"רוב הצמחים הם ירוקים."

Translation:Most plants are green.

August 10, 2016

14 Comments
This discussion is locked.


https://www.duolingo.com/profile/moriya88

I guess proper english whould be: "most of the plants..."


https://www.duolingo.com/profile/flootzavut

Either is fine in English.


https://www.duolingo.com/profile/xerostomus

רוֹב הַצְּמָחִים הֵם יְרוּקִּים


https://www.duolingo.com/profile/JosephZitt

Two items earlier, "herbs" was a suggested translation for the word. Now it's wrong?


https://www.duolingo.com/profile/IngeborgHa14

I thought, צֶ֫מַח is the general term for an organism which is no animal or mushroom, so trees, bushes and shrubs too. Herbs are maybe more akin to עֲשָׂבִים, those leafy, unwoody greens on the ground.


https://www.duolingo.com/profile/XeroStomus1

כֵּן, אֲבָל יֶשְׁנָם צְמָחִים לְלֹא כְּלוֹרוֹפִיל.

https://en.m.wikipedia.org/wiki/Monotropa_uniflora


https://www.duolingo.com/profile/XeroStomus1

מָצָאתִי פַּעַם צֶמַח כָּזֶה...


https://www.duolingo.com/profile/VivekRaman7

Isn't "green" an adjective here? I thought the copula was used only in "[noun] is a [noun]" type sentences. Duo has been marking deviations wrong too.


https://www.duolingo.com/profile/IngeborgHa14

Well, rule of thumb is that in sentences of the type the [noun] + is/are + [adjective] like הָאִשָּׁה עֲיֵפָה the woman is tired. Hebrew commonly omits the copula, but you can alternatively, especially after a longish subject, insert it. רׇב־הַצְמָחִים is already a two word expression, a copula helps to mark the border between subject and predicate a little bit.


https://www.duolingo.com/profile/Theresa754142

Rov ha-tsmakhim hem yeruqim.

A plant is tsemakh.


https://www.duolingo.com/profile/Leibo613

I thought that the ה in הצמחים means "Most of THE [specific] plants are green," as in the situation where a person is commenting on a collection of specific plants. To make a generalization that "most plants are green" wouldn't the sentence be, רוב צמחים ירוקים. ??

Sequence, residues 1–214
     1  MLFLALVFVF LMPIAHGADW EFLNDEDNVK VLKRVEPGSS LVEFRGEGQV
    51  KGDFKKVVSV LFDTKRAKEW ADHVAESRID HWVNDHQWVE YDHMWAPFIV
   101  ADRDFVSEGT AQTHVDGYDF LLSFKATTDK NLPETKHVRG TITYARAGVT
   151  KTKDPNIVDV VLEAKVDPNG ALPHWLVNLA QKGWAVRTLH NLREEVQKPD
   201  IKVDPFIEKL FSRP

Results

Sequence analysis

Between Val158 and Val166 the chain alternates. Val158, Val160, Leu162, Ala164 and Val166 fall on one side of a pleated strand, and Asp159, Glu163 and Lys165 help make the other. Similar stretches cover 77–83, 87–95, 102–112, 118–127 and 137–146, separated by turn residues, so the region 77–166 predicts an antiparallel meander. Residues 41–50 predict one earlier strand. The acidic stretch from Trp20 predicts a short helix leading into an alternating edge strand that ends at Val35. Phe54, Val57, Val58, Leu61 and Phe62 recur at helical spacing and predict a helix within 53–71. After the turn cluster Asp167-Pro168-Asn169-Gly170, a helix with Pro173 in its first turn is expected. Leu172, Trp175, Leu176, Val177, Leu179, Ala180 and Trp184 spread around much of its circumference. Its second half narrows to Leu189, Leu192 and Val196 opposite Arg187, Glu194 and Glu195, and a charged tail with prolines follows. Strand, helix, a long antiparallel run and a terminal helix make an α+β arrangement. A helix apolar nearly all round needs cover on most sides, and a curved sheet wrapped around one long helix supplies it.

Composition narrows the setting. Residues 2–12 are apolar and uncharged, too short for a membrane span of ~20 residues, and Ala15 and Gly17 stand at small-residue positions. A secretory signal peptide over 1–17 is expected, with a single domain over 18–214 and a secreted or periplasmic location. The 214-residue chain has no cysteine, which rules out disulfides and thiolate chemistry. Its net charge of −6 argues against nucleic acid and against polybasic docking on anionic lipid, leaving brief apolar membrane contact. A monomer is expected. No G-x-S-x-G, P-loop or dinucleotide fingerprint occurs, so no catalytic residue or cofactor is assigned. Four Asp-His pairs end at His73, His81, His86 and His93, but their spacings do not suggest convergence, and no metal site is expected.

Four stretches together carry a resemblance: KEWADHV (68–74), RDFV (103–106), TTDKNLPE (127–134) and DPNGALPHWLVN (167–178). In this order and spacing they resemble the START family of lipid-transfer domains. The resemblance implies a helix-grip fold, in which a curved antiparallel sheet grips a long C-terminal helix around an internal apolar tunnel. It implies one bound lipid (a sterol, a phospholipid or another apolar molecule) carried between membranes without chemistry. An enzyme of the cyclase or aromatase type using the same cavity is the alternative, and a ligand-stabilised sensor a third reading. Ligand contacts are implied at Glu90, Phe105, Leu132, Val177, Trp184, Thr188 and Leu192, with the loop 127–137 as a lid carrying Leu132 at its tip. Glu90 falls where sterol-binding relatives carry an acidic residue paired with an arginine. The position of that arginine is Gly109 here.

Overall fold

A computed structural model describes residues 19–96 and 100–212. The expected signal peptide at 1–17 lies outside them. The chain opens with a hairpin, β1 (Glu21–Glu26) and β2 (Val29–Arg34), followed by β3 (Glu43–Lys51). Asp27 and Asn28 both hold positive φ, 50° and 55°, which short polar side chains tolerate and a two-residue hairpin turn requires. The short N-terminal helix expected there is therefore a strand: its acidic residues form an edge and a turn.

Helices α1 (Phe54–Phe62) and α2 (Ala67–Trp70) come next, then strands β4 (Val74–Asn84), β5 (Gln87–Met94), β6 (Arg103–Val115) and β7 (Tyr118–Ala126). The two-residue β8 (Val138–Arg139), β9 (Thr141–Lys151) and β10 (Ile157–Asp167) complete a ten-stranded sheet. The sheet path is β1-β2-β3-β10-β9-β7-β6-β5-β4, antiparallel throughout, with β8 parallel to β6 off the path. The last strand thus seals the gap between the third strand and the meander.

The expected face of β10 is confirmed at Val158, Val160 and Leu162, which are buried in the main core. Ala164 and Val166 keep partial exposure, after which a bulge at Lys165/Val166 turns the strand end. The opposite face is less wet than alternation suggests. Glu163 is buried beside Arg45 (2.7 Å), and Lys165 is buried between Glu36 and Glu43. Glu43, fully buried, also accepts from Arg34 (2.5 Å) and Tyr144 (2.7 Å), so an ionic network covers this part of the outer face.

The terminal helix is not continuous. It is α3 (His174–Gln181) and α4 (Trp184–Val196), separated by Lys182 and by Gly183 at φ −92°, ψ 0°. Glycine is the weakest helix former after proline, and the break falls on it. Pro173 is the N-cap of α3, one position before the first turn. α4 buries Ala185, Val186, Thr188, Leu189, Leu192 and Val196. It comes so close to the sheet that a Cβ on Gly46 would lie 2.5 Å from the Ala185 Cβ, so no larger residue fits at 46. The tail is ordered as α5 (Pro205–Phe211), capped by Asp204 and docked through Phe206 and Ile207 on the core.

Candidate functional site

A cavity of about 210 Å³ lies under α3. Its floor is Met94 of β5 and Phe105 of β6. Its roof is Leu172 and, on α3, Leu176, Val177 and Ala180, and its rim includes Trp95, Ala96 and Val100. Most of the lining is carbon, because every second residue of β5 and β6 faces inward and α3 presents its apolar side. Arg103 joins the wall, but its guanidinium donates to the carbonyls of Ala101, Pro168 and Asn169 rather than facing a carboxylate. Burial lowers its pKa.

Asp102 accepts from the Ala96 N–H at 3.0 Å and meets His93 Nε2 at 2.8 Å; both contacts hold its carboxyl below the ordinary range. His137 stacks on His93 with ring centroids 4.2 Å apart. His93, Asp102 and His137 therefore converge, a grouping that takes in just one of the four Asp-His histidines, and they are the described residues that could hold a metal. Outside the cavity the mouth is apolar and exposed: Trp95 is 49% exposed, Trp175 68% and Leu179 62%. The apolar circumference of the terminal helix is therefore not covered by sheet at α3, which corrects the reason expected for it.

https://www.duolingo.com/profile/IngeborgHa14

In English the noun following most is often indefinite, while in Hebrew רוֹב most (originally a noun) is always followed by a finite noun. I suppose to say רֹב צְמָחִים a majority of plants would make less sense to make generalizations. In Biblical language רוֹב is also usual in the meaning much, f.e. רֹב־חׇכְמָה an abundance of wisdom = much wisdom, but that may be flowery nowadays.


https://www.duolingo.com/profile/Leibo613

Thanks IngeborgHa14. You taught me that a definite noun always follows רוב. So how would this flower-shop conversation be translated:
Child: Mommy, most of the roses are red.

Mother: Yes dear, most roses are red.


https://www.duolingo.com/profile/IngeborgHa14

Well, folowing my limited linguistic intuition, I would say, as רֹב הַוְּרָדִים אֲדֻמִּים means both depending on the context, maybe some hints must be added, what is meant, like אִ֫מָּא, רֹב הַוְּרָדִים הָאֵ֫לֶה פֹּה אֲדֻמִּים. כֵּן, מָתוֹק, בְּדֶ֫רֶךְ כְּלָל רֹב הַוְּרָדִים אֲדוּמִיםת mommy, most of these roses here are red. Yes, dear, usually most roses are red. But maybe a native could chime in.

Learn Hebrew in just 5 minutes a day. For free.